Tomatoes Before and After Dehydration

Processing Sixty Pounds of Vegetables From a Food Box

Yesterday I told you about my experience with getting a vegetable food box from Church for the Nations.

Today I’m going to tell you what it took to process all those vegetables. At no time is my refrigerator empty enough to fill it with sixty pounds of vegetables and while we eat a lot of vegetables, sixty pounds is too much to try and eat before it starts to go bad. I didn’t want to waste these lovely vegetables.

So first of all, here’s the photo again of what I got:

Church for the Nations Vegetable Box February 26th, 2011

And here’s a list of items and their weight:

  • Watermelon, seedless, 19 pounds
  • 9 English Cucumbers, 7 pounds
  • 9 eggplants, 7 pounds
  • 10 yellow bell peppers, 5 pounds
  • 17 red plum tomatoes, 7 pounds
  • 15 yellow tomatoes, 7 pounds
  • 23 green chili peppers, 3 pounds
  • 30 jalapeno peppers, 2 pounds
  • 15 oranges, 4 pounds

From the top:

The watermelon was refrigerated and later sliced for dessert.

I decided to dry most of the nine cucumbers using my Nesco American Harvest Food Dehydrator:

Cucumbers Before and After Dehydration

My Nesco works great, but one day soon I plan to invest in the Excalibur 9 Tray Dehydrator.  Because of the square trays you can fit a lot more in at once and it would sure help when bringing home sixty pounds of vegetables from Market on the Move!  It is also great for making beef jerky!

For the eggplants, I saved two to eat this week, and peeled the rest with my Zyliss Soft Skin Peeler, sliced them and placed them into bags and sealed using my FoodSaver Smart Seal Vacuum Sealer. I peeled the eggplant as I have found in the past that the skin of frozen eggplant seems much tougher than when cooked fresh.

I decided to freeze all but four of the bell peppers. I diced two and learned that you have to freeze some raw vegetables because the food sealer sucks the liquid out of the vegetable and then the bag won’t seal properly. I wasted almost an entire bag trying to figure out why it wouldn’t work.

I froze both of these vegetables without blanching. I know the bell peppers will be fine, but I am not sure about the eggplant. I can always put it into soup if the texture is off due to freezing it directly instead of blanching.

Frozen and Sealed Eggplant and Bell Peppers

I decided to dry most of the tomatoes also. I peeled and seeded some, and others I sliced a quarter-inch thick and dried them into slices. These were so yummy I kept taking pieces from the dehydrator and snacking on them throughout the day.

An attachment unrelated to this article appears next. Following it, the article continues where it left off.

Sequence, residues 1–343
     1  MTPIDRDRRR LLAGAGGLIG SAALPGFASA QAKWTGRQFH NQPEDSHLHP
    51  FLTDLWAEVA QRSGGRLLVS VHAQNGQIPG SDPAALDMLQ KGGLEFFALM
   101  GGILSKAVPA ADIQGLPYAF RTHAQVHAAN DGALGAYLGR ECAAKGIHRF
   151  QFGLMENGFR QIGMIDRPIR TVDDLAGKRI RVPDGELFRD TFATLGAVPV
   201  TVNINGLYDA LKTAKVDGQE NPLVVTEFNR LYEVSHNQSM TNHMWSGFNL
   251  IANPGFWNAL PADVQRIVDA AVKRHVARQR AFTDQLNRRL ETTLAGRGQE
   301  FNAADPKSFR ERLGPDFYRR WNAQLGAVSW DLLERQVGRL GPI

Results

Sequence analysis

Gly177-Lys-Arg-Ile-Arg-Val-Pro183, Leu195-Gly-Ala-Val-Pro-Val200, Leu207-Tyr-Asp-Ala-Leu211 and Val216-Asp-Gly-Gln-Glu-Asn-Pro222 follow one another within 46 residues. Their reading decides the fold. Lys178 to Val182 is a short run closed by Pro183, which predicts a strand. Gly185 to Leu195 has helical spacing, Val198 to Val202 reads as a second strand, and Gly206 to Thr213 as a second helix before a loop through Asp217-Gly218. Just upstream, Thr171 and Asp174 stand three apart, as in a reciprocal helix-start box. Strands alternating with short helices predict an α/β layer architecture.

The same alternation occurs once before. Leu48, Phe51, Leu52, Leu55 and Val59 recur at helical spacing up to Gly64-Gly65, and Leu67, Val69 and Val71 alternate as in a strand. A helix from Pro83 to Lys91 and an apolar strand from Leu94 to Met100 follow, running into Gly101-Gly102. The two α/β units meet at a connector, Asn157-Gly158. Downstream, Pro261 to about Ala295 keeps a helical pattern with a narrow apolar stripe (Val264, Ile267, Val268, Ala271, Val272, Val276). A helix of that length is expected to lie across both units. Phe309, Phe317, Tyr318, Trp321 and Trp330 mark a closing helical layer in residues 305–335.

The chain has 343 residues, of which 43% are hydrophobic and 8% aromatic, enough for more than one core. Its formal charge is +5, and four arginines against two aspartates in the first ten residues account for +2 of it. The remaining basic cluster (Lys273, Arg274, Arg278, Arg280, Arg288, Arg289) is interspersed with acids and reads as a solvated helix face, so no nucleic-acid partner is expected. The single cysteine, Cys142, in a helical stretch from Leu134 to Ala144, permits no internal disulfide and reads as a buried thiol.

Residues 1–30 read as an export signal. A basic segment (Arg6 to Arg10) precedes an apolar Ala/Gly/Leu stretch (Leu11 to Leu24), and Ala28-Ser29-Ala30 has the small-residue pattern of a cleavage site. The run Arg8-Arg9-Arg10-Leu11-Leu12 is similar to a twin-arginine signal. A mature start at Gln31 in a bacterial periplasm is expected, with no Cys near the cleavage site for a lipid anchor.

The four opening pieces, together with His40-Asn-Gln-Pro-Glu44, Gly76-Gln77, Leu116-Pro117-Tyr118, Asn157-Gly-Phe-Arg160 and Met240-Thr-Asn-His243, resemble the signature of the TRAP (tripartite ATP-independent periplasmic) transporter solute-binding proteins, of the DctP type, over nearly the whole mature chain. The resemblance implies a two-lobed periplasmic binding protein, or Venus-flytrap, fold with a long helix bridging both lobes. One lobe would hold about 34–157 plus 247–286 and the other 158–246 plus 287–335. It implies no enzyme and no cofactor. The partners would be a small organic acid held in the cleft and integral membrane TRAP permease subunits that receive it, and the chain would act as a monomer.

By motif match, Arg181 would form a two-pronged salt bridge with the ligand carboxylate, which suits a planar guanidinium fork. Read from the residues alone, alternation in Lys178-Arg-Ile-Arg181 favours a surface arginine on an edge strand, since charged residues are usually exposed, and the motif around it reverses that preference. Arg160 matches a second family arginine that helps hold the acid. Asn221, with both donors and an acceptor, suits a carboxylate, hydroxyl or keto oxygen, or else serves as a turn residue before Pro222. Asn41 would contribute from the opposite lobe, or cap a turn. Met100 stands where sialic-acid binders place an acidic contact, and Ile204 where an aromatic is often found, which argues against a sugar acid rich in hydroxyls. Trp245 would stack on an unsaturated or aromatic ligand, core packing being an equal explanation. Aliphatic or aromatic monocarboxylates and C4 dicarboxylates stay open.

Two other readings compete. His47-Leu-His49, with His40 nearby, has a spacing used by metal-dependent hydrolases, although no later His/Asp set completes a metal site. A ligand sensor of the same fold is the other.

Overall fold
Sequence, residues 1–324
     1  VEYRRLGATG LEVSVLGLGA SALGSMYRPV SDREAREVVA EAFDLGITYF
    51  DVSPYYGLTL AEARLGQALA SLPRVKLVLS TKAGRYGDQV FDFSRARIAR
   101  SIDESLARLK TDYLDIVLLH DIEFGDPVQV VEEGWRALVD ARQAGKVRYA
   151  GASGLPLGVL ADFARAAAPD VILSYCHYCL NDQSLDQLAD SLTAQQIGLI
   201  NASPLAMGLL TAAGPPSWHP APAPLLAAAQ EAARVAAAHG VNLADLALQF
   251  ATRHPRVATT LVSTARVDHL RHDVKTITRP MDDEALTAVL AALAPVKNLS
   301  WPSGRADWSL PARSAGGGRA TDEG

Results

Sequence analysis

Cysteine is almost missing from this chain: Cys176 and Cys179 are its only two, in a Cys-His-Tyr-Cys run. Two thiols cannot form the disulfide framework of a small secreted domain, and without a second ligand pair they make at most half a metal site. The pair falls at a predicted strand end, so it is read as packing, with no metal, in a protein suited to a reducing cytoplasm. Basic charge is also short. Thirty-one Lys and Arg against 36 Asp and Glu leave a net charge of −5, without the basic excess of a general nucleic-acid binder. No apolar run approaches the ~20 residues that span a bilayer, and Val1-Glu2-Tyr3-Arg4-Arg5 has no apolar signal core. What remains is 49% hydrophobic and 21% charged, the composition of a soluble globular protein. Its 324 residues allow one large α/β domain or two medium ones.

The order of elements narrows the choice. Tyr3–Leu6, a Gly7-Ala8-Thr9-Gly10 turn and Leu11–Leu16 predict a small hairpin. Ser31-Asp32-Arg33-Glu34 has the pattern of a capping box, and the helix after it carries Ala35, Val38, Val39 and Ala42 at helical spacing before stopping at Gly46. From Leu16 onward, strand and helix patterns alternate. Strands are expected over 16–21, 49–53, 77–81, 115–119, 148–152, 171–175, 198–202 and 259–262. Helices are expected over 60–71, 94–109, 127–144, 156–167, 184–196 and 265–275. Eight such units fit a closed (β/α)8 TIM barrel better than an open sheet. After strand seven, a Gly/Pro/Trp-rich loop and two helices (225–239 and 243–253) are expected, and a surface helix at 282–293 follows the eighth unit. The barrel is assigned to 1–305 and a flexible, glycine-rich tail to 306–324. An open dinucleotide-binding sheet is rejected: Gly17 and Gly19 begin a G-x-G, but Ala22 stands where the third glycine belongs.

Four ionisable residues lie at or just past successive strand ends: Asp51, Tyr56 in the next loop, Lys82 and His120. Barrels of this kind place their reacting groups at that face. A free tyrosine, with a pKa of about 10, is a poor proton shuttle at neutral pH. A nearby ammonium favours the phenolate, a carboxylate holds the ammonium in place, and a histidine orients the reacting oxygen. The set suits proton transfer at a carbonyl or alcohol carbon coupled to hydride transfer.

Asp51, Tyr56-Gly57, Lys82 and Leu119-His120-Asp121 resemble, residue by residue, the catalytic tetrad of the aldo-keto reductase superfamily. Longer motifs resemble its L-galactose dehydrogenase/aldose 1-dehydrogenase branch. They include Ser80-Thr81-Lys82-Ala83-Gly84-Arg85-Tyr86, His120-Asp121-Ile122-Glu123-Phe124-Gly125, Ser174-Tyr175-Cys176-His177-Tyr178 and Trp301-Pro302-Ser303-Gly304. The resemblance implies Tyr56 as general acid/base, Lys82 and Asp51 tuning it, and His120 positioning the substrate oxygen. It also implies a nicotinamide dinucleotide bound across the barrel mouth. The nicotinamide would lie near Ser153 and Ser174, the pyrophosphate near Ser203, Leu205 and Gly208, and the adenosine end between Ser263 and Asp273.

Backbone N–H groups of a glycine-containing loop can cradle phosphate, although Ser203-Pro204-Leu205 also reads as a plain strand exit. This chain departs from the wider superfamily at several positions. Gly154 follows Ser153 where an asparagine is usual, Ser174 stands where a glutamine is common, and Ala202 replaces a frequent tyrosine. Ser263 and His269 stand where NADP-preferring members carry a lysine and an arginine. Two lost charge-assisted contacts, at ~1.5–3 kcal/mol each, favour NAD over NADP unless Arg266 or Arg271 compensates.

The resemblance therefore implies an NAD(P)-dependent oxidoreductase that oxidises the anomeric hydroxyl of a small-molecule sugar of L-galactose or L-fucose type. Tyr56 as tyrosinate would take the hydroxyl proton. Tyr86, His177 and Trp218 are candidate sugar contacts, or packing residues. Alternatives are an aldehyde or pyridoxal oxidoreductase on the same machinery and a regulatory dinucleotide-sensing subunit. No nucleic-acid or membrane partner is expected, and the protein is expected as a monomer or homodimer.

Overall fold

Tomatoes Before and After Dehydration

As for the peppers, I turned on the broiler in the oven, stuck them in a metal pan and turned them every few minutes, allowing them to burn on all sides. Once they were removed from the oven I stuck them in a big bowl and covered with some aluminum foil so that the skins would be easy to remove. In the photo on the left you can see the reflection of the broiler element on the top of the oven.

Green Chiles Roasted Under the Broiler

So far the oranges have been eaten, but if there are any left by the weekend I will juice them.

And that is how you process sixty pounds of vegetables in two days time. I think this food box is available once a month, and that would work out pretty good as it is a lot of work and takes a lot of commitment of time to prepare everything for storage.

Also as the weather starts to heat up in Arizona, if they continue the food box through to the summer I will have to bring an ice chest and maybe even ice to keep the vegetables chilled on the way home, so it may not be worth my while during the heat of summer. But for now I think it is a good opportunity.

Remember this vegetable box is for anyone, you do not have to qualify. Also, you do not have to take sixty pounds of produce. If you are a single person and only want to take a week’s worth of produce and felt you would get your money’s worth, then pay your $10 and take as few items as you feel would be worth your while. I say this for people who are in the Phoenix area and want to check into this food box.

You may also need these fine screen inserts for your Nesco if you are dehydrating small items such as blueberries or grapes as once dry they will fall through the cracks of the regular trays:

These smooth trays are perfect for making fruit leather or fruit roll ups:

And this book by Mary Bell is THE bible on dehydrating. I have found it extremely helpful when dehydrating vegetables and fruits as she goes into some detail on the process.  This is also a great book to have for self-preparedness, surviving a disaster, or just for creating food to go hiking or camping. You will be amazed at all the foods you can dehydrate.


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8 thoughts on “Processing Sixty Pounds of Vegetables From a Food Box

  1. Oh Wow! You have no idea how much I wish I lived in an area where I could get that much produce for that amount of money!!

    I am going to check out that dehydrator that you mentioned in your post….I don’t have one and I think that I might like to add this type of food preservation to my canning/freezing regime! 🙂


  2. Out of curiousity because I am that clueless – what do you do with dried cucumbers?


    Emily Reply:

    @Evan, Haven’t done it myself, but I’ve heard they make homemade cream-style salad dressings and soups taste better and give them a creamier texture. Blended in, I mean.


  3. Market on the Move is my new obsession! Went to my first ever on 1 October and now I’m hooked. We chose to process our food by canning, but I may just try the freezing and dehydrating next time!


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